NASA Confirms the International Space Station is Leaking Coolant

Astronauts on Thursday noticed frozen ammonia flakes leaking from the International Space Station, though NASA said the issue poses no immediate threat to the crew. A lot can—and apparently will—go wrong when you’re thousands of miles from Earth, especially with such complicated systems involved. The coolant, which is used to cool down the ISS’s power systems on its right solar array panels, first began leaking back in 2007. But the issue was finally fixed—or so they thought—back in 2012.

“It is in the same area, but we don’t know whether it’s the same leak,” NASA spokesman Kelly Humphries of the Johnson Space Center in Houston said. Right now the issue hasn’t had a negative affect, but if left unfixed, the station could lose its ability to cool whichever solar array is leaking. Mission Control predicts the leaking loop to shut down within 24 hours should no action be taken. Potential fixes are currently being discussed.

One possible move could be to move the station’s robotic arm over to the station’s port truss. The first leak back in 2007 was traced back to Port 6 truss, NBCNews said. Interestingly, space station commander Chris Hadfield, a Canadian Space Agency astronaut, said the rate of the leak varies “depending on the orientation of the station to the sun.”

While the crew is in no imminent danger, three members—Chris Hadfield, Tom Marschburn and Roman Romanenko—are planned to depart the ISS on Monday, May 13. That leaves only three members onboard to address the problem. However, three new members are expected to launch to the ISS on May 28.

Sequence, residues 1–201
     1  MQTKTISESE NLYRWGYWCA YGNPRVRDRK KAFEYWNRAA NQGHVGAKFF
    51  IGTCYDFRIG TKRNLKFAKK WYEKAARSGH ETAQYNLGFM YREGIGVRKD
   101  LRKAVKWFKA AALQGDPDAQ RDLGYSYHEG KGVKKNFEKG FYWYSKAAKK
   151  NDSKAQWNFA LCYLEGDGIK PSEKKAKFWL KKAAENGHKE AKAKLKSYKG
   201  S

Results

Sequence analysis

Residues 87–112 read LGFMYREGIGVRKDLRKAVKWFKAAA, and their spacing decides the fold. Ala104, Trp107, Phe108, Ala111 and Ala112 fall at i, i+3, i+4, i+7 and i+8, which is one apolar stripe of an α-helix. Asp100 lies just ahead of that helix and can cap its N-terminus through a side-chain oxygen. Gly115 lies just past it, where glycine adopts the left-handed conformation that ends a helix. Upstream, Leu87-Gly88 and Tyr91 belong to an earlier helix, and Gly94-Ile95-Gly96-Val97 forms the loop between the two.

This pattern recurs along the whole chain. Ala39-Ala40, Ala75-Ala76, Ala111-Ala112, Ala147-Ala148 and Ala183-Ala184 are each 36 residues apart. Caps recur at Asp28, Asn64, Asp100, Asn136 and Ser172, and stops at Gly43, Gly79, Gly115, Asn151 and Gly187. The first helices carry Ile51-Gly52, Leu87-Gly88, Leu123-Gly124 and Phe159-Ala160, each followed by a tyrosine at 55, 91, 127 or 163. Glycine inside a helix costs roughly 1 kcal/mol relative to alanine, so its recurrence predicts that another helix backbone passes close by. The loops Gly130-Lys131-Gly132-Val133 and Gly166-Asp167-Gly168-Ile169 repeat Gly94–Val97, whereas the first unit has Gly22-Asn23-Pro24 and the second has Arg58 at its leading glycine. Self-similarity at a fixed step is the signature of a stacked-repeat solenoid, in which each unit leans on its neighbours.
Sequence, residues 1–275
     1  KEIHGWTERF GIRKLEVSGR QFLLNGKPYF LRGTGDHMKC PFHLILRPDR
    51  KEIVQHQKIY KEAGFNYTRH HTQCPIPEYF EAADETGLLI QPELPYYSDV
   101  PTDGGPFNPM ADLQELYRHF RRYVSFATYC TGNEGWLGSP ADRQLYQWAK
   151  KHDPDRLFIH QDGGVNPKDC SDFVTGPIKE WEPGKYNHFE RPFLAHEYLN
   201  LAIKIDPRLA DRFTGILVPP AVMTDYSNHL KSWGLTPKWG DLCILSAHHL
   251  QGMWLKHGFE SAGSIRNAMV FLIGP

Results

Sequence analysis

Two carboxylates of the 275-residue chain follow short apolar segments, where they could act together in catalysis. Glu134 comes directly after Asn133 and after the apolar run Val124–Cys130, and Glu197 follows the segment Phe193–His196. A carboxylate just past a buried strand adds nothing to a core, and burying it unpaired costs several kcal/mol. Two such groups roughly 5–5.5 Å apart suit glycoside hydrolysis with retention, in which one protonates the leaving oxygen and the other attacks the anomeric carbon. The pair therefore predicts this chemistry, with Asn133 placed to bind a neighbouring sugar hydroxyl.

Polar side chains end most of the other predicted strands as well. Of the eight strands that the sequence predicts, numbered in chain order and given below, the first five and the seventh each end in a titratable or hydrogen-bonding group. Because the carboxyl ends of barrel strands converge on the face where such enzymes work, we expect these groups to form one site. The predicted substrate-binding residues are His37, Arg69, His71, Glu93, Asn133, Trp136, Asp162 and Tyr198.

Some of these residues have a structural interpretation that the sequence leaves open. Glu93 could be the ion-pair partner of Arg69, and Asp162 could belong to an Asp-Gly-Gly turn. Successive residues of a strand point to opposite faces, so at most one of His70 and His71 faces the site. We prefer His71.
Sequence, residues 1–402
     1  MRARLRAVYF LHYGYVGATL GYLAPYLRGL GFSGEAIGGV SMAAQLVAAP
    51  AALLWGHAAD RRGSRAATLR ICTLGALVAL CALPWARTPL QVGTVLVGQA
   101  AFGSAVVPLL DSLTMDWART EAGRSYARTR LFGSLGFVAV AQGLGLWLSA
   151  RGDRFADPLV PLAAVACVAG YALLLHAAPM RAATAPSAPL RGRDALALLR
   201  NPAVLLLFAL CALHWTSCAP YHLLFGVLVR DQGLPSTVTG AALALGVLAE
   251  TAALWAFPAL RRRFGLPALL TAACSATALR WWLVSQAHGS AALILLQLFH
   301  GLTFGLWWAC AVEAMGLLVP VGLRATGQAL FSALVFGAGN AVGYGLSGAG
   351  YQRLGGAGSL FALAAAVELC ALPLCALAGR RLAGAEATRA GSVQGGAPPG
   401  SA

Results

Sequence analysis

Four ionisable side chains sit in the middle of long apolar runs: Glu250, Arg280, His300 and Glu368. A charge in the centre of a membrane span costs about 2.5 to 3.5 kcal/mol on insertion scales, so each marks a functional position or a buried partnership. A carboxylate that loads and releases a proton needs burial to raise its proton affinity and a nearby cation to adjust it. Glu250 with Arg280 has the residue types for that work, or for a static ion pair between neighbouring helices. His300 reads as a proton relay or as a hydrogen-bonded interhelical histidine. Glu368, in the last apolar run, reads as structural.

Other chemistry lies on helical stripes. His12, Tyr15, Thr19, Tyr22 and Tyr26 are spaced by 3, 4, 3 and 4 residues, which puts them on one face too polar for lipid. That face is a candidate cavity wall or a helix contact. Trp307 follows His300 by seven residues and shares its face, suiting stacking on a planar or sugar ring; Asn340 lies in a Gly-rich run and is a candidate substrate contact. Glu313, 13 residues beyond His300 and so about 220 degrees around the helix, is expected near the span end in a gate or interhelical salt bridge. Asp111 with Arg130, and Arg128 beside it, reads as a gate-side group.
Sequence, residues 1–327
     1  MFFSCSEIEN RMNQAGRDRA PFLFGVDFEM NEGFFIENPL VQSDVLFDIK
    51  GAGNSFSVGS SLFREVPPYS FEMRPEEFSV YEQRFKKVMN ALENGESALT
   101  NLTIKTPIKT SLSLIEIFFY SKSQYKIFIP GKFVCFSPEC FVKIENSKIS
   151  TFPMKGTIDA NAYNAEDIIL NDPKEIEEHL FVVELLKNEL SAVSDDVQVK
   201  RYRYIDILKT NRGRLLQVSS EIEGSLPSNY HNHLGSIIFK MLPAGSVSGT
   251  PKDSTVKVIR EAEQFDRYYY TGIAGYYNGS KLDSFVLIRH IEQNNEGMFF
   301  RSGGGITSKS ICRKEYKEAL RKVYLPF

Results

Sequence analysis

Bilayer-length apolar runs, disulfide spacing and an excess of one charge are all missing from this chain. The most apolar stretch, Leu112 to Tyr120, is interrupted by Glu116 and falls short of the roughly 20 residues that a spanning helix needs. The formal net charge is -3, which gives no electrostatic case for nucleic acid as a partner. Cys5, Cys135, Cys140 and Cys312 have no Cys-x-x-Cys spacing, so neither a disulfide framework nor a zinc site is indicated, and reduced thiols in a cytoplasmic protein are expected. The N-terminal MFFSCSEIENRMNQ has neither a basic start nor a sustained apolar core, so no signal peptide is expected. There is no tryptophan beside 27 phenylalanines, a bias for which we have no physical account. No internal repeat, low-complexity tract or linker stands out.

More information will be provided to the crew soon, hopefully pinpointing the leak’s exact origin.


Double Fine’s Broken Age Gets First Trailer

A while back, Double Fine launched a Kickstarter campaign to create a brand new, classicly styled adventure game. That campaign went on to produce record breaking results, and Tim Schafer and his team went to work creating a title.


Minecraft for Xbox 360 Getting Physical Retail Edition

Minecraft has been selling like absolute gangbusters on the Xbox 360. It’s brought in millions for Microsoft, 4J Studios and Mojang.

In it’s current form, though, it’s only available as a digital download. However, that’s going to change at the end of April as Minecraft is getting a physical retail edition.

The news comes by way of PlayXBLA, the official Xbox LIVE Arcade blog. Here’s the skinny on what the retail version is:

This version of “Minecraft: Xbox 360 Edition” will contain all the same features and content included in the current version, as well as the new additions coming soon in the ninth title update to the game.